Many organisations are thinking about the big opportunities that are coming up over the next 6 months to a year from now, creating strategies and action plans to deliver on them. When they look ahead, instead of just the tendered opportunities that right in front of them, the opportunity to create and enact strategy is so much bigger.
Soar Print continues to stretch themselves in this area. Already an award-winning Climate Action Leader (SBN Awards 2020), Soar demonstrates that SMEs have as big a part to play in delivering change than the big corporates - if not bigger. Soar shows that everyone can take effective action that not only improves legacy outcomes for people and planet, but also delivers savings, value, growth and a platform to win.
It has also been inspiring that so many highly-regarded people have engaged with us along the way and given us their time, including Adrienne Miller, Emily Mason, Sarah Lang, Anthony Flannery, Andy Eakin, Dr Natalie Allen, Chris Aughton, Sam Ketley, Rachel Devine, Matthew Heal, Alec Tang and numerous others.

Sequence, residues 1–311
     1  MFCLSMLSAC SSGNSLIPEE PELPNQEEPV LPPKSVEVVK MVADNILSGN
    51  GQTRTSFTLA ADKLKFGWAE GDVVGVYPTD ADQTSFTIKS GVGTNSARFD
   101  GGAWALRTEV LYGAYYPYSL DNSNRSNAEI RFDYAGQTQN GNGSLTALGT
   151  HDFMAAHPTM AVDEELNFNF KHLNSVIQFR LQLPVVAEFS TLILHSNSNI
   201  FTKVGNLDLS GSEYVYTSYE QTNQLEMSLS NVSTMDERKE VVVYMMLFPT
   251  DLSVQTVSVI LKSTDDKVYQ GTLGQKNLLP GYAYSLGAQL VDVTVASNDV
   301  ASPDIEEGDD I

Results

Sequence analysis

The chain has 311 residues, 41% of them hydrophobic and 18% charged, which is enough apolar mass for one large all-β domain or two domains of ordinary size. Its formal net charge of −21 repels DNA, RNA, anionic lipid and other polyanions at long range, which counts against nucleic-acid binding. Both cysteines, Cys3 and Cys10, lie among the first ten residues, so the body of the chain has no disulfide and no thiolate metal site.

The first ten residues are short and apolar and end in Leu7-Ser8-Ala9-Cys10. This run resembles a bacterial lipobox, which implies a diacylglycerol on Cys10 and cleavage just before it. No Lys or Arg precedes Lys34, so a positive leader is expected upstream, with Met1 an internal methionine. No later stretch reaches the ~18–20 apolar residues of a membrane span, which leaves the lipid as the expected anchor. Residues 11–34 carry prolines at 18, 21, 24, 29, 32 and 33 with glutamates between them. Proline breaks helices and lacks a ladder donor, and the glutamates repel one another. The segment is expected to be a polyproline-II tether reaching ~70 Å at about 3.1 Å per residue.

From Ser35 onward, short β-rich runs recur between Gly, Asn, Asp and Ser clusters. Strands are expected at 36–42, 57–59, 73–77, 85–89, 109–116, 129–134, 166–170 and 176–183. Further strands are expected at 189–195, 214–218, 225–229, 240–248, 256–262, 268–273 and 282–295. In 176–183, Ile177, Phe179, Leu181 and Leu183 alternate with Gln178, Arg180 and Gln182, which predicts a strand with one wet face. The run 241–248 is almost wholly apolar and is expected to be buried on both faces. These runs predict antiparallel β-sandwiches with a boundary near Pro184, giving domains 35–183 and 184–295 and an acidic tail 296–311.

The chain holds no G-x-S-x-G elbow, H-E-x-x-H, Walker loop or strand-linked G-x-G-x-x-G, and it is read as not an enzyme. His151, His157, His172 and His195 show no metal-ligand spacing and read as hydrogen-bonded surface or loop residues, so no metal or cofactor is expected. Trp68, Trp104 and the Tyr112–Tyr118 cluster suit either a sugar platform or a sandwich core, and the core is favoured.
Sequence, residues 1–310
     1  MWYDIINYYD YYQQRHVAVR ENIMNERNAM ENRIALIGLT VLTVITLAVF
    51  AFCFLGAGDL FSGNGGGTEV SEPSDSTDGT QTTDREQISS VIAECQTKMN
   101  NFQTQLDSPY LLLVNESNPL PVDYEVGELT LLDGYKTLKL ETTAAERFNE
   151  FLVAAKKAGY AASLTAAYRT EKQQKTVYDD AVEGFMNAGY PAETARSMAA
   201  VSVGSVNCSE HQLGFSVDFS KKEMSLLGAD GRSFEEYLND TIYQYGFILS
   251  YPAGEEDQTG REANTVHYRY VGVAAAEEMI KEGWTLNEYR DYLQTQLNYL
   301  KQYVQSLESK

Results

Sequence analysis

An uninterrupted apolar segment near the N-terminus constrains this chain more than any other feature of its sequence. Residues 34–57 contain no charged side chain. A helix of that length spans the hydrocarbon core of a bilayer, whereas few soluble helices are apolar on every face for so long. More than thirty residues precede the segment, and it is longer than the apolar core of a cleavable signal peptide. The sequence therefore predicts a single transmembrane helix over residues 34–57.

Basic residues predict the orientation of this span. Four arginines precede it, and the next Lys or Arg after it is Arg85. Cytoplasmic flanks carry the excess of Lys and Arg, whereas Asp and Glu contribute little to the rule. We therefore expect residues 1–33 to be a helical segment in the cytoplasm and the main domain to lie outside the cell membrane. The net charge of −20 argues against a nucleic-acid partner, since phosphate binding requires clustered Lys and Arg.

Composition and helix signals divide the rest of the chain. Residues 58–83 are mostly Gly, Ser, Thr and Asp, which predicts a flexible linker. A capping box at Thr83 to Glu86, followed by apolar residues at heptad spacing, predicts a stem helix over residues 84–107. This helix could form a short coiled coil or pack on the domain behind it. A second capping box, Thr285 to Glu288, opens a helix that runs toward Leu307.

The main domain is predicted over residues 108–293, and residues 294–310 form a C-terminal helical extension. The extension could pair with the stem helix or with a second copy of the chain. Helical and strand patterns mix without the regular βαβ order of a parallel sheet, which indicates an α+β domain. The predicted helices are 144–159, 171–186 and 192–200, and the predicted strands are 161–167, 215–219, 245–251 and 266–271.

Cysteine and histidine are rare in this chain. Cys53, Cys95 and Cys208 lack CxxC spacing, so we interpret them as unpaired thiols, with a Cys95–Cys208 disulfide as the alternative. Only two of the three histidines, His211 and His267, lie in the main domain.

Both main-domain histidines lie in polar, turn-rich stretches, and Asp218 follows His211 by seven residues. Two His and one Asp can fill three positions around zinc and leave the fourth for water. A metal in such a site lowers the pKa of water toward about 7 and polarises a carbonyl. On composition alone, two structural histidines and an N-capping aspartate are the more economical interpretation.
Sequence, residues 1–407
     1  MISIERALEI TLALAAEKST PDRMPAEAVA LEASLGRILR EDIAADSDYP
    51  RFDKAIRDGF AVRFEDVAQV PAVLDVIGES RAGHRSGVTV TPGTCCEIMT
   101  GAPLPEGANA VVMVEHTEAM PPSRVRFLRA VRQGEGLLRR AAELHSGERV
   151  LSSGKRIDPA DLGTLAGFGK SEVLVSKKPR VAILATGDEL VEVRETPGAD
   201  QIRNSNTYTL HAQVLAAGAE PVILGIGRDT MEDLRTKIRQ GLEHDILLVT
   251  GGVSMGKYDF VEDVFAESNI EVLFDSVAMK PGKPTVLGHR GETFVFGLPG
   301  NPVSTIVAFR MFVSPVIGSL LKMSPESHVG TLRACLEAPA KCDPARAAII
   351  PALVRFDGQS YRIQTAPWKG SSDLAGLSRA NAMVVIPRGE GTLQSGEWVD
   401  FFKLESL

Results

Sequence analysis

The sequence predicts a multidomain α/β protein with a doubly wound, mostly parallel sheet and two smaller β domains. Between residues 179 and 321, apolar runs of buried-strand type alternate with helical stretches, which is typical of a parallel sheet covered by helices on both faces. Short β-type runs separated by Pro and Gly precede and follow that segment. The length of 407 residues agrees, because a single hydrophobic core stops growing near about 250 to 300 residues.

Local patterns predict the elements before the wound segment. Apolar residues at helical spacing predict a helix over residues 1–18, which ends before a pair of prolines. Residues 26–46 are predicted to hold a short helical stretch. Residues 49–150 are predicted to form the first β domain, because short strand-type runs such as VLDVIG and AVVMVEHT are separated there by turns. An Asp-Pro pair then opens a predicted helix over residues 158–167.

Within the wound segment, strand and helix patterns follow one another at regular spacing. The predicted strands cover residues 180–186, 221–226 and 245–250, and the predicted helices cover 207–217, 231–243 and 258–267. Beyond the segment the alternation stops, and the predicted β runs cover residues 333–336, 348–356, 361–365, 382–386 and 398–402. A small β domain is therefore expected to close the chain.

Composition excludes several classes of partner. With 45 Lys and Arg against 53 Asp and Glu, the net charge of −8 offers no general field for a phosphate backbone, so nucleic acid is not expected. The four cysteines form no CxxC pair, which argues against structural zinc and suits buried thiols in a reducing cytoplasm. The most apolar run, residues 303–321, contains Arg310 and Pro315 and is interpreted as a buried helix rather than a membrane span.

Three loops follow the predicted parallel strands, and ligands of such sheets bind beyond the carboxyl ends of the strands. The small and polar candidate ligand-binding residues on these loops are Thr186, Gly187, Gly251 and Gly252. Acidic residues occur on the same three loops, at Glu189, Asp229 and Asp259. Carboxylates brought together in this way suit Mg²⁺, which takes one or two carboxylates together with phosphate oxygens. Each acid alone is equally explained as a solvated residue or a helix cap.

We cannot thank you enough for the time you have taken not only to share your thinking but to encourage us in our journey.
2. Broader Outcomes bid weightings have lifted all year – and will continue to do so
From 5% to 10%, even 20%, and in one case 40%, there’s no doubt that there’s increasing weight being placed on Public Value in tenders.
The most recent development we have seen in this area – Pass/Fail criteria being placed by Auckland Council, requiring evidence of your action across social, environmental, economic and cultural outcomes – takes this to an even higher level in our view.
What it says to us is that this is not even a matter for future consideration and action. It’s an absolute evidential requirement: a doorway through which you must already have walked to even be considered.
3. You only introduce yourself to this environment once – from then on it’s all about setting targets and taking action